The climate of the Kaiserstuhl also explains the vast richness of thermophile flora and fauna. The Kaiserstuhl is for example one of the places with the largest variety of orchids in Europe - more than 30 species have been recorded. Among the vines wild grape hyacinths sprawl and along acclivities iris plants blossom. Furthermore, sand lizards (lacerta bilineata) and praying mantis (Mantis religiosa) live here - species which mainly occur in the Mediterranean area. (However, according to the latest research results the sand lizard presumably belongs to the allochthone species of the European green lizard (Lacerta viridis)). The pubescent oak (Quercus pubescens) is a Xerophyte and normally only occurs in Southern Europe, but is also able to survive at the Kaiserstuhl. This species has a disjunct distribution, which means away from its normal habitat. It is a relict of a postglacial warm period where there had been a much warmer climate around the Kaiserstuhl. After the end of the warm period only the named species were able to survive. Besides there is a larger population of the May beetle (Melolontha melolontha). In spite of protests from conservationists the May Beetle is controlled by the use of insecticides.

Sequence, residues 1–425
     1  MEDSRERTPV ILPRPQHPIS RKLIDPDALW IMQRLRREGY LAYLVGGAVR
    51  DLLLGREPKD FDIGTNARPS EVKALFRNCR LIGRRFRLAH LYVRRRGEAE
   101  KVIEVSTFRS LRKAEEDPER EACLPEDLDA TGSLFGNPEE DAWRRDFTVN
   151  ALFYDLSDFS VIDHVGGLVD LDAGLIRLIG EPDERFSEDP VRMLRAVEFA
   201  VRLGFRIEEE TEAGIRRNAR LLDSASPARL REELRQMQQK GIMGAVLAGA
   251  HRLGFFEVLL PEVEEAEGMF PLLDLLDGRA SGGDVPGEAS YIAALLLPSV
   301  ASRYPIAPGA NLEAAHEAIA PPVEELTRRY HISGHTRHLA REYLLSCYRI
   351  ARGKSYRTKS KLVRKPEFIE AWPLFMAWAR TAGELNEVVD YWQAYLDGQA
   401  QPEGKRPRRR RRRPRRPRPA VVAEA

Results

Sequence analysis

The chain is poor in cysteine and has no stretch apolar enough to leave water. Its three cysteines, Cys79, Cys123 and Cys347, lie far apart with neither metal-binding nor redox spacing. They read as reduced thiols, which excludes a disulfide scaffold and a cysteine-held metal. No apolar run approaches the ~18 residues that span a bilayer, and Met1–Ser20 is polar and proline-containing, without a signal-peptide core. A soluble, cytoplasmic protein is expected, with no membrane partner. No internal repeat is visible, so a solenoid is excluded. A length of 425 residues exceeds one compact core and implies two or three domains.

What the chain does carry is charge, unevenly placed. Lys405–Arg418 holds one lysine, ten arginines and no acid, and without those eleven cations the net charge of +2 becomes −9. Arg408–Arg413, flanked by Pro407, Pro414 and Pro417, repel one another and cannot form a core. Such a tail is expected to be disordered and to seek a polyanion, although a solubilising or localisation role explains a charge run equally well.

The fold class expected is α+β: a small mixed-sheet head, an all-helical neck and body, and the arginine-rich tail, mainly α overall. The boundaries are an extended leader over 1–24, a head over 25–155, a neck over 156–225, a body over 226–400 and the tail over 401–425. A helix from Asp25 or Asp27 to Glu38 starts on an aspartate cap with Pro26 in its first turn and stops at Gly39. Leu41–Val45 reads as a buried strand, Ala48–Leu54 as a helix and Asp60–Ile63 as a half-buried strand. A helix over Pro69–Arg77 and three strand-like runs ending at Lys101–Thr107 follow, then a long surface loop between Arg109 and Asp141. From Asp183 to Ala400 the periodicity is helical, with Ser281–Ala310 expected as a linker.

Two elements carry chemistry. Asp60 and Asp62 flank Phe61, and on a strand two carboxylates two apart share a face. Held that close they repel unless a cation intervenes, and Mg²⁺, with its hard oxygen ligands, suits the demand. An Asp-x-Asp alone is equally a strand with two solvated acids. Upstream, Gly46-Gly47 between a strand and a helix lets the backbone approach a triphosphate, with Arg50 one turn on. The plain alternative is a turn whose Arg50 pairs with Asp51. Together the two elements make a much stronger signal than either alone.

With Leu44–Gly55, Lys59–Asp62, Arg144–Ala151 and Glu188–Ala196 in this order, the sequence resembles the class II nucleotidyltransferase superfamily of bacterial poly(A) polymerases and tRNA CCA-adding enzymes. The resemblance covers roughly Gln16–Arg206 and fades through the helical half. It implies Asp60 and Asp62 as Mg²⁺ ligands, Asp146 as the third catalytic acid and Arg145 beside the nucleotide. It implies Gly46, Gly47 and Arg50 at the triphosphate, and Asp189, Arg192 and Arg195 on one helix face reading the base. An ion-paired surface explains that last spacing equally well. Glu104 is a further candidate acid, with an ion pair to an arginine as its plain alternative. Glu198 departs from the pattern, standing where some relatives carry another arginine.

In the centre of the Kaiserstuhl between the Vogt Burger districts of Schelingen and Oberbergen and the somewhat remote eastern community of Eichstetten lies two direct neighbouring natural Designated Conservation Areas (DCA), the DCA Badberg (DCA No. 81345), which was established in 1969, is 65 hectares high and has many rare plants (e.g. Orchids), and the eastern add-on DCA Haselschacher Buck (DCA no. 163542) which was founded in 1989 and is 71.3 hectares in size. Furthermore, in Kaiserstuhl there is a large number of small Designated Conservation Areas. The bigger part, in particular in its centre belongs to the Fauna Flora Habitat area of the Kaiserstuhl (FFH no. 7911-341).